Hammering Down The Barriers On International Women’s Day
Breaking through glass ceilings isn’t so much the challenge for women working in Marlborough’s construction industry - try concrete floors and steel beams instead.
As New Zealand’s celebrates International Women’s Day, this year focussed on ‘recognising women in leadership: achieving an equal future in a COVID-19 world’, it’s timely to acknowledge some Marlborough women leading the way in construction, regarded once upon a time as a male domain.
The largest construction project underway in the region is the Marlborough District Library and Art Gallery build, currently rising from the ground on a corner site on High Street in Blenheim, overlooking the Taylor River. The project has been supported by the Government through the ‘shovel ready’ funding administered by the Provincial Development Unit.
There are a number of women involved in its construction, ranging from on-site roles, administration, design, and consenting through to project management, environmental engineering and governance.
Councillor Cynthia Brooks has been involved with the project from the beginning. She has long been one of its champions, remaining committed to the cause despite it being stalled for a number of years due to other more pressing Council infrastructure obligations, namely the Renwick and Seddon water schemes. “Because I’m a writer and a book person I’ve always been keen to see a library building that is fit for purpose,” she said.
Clr Brooks is a member of the Project Control Group. “Our role has been to guide the project - from the site purchases and concept design development through to the final design and tendering, culminating in a construction contract – all the machinations required to see it come to life,” she said.
Katherine Skipper, architect and Wellington Studio Principal for Warren and Mahoney, co-led the early design development for the library and art gallery. “Working with the Council to unlock the potential of this project to truly reflect the amazing Marlborough community and landscape has been a real joy, and we can’t wait to see the building take shape,” she said.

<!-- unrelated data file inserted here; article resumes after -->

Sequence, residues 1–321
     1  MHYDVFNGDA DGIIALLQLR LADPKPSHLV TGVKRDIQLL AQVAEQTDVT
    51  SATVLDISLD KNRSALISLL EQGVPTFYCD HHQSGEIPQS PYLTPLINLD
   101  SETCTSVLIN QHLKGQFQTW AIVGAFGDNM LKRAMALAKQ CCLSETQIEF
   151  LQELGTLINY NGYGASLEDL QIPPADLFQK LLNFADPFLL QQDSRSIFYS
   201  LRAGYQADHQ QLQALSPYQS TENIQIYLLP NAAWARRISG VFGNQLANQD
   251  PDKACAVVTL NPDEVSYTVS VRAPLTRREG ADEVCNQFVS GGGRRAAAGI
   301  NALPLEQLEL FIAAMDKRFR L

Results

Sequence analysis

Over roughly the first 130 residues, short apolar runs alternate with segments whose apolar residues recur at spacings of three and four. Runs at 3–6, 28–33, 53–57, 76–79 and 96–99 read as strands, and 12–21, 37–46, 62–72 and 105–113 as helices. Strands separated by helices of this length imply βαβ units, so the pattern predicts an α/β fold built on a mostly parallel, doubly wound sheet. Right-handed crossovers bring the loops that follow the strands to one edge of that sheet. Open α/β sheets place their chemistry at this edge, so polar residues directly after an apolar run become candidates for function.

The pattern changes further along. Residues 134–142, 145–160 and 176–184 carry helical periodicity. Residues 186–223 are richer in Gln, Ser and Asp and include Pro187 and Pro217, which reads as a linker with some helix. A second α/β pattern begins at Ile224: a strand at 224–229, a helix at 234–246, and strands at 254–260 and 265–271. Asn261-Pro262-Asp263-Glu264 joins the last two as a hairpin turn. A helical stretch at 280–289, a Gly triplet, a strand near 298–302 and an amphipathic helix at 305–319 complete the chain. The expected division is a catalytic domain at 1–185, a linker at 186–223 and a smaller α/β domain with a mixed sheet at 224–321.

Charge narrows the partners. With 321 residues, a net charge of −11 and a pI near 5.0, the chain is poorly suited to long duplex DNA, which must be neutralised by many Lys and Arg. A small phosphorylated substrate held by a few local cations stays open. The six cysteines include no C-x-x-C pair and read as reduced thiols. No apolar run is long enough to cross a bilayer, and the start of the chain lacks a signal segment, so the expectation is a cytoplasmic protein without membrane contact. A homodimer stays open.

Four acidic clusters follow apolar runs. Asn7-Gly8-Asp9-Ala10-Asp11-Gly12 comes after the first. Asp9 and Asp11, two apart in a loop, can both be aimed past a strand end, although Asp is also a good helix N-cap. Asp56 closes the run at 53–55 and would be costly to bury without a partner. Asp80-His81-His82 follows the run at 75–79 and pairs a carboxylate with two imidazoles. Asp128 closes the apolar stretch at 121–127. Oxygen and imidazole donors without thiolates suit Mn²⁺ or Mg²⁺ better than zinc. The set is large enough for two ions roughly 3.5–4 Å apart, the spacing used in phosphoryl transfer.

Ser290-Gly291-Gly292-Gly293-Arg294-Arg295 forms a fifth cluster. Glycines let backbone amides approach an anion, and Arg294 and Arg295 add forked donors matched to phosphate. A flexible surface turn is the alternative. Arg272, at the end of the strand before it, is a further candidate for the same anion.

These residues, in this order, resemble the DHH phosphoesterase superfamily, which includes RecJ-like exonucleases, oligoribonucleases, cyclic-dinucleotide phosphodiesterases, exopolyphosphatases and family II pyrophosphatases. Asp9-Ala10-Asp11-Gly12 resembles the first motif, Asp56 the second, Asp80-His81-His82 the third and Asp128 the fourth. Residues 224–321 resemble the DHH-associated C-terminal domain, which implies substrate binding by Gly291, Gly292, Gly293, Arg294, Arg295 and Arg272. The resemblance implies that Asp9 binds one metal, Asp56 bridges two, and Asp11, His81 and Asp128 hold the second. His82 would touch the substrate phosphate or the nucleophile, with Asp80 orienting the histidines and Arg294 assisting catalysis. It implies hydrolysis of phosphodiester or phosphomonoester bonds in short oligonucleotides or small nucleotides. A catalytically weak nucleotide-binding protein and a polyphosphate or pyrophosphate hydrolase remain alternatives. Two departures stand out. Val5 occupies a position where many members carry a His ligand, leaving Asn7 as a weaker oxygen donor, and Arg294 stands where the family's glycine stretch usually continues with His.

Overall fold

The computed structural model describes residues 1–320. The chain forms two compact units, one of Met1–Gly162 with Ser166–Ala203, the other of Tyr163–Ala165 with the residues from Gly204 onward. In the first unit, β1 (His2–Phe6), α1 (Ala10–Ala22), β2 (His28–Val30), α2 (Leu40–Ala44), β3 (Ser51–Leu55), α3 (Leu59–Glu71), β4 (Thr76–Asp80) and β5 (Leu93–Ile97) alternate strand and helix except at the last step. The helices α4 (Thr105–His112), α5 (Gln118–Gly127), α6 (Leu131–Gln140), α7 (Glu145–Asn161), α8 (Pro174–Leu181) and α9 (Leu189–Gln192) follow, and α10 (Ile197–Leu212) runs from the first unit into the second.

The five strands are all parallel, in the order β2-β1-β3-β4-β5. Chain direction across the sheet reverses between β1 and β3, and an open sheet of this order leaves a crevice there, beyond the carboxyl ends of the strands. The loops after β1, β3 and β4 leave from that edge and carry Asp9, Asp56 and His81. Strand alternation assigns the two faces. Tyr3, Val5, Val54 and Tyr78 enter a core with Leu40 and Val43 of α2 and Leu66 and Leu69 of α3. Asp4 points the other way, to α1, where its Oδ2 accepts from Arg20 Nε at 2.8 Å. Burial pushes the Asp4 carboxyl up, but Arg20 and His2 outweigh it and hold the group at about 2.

Conversely, Council Project and Contracts Manager Maighan Watson has come from the “ground up” to oversee the administration of the project.
She joined the Council 18 months ago, with a business degree from Victoria University and a stint in property management behind her. While Maighan is quick to point out she is relatively new to this level of project management, she is taking it all in her stride and laying the foundations for an exciting career. That includes studying towards a qualification in construction management with strands in quantity surveying.
“I really enjoy the complexity of projects like this – I like being challenged. No day is ever predictable and it’s rare if I haven’t learnt something new before 9am,” Maighan said.
On site at the library and art gallery construction area is Jodie Brick, Construction Administrator for Robinson Construction Ltd.
Originally from Blenheim, Jodie worked in construction in Auckland for five years. “This is what I really wanted to do when I returned home and then this position came up. I wanted to be more on site and get involved in the complexities of running projects like this,” she said.
“You have to have an interest in the construction industry. I personally enjoy working with the different cultures on a construction site,” said Jodie. “On a project like this, we are all on the same page – we are all working for one thing – to get this building up and running.”
A typical day for APL Project Manager Mandy Clark is often spent at the ‘”grass roots” on site – the rest of the time she is working on administration and budgeting. The library and art gallery is one of the larger projects she has been involved with. “No two days are the same,” she said. “I always have my gumboots and high vis jacket in the boot of the car,” she said.
Mandy is another returnee to Marlborough. She grew up in Picton, attended Queen Charlotte College and then spent many years overseas and in Auckland. In the 1980s (as a woman) working in construction and heading to site visits, she said she was often the only female on a site. “It was easy for my name to be remembered. Now women are in every aspect of the construction industry.”
And the list of women involved in the project does not end there.
Environmental Engineer for WSP Sofia Gorosito is the site representative charged with performing the inspections and necessary tests to verify the bearing capacity of the foundation soil.
The civil engineer graduate, originally from Argentina, said she had a strong interest in geotech. “At the same time I am also looking to be able to see the whole picture of the projects and to be involved in all the engineering areas,” she said.
Robinson Construction’s Janet Ashcroft is also involved, managing the various documentation including consent requirements, which are a huge part of such a project.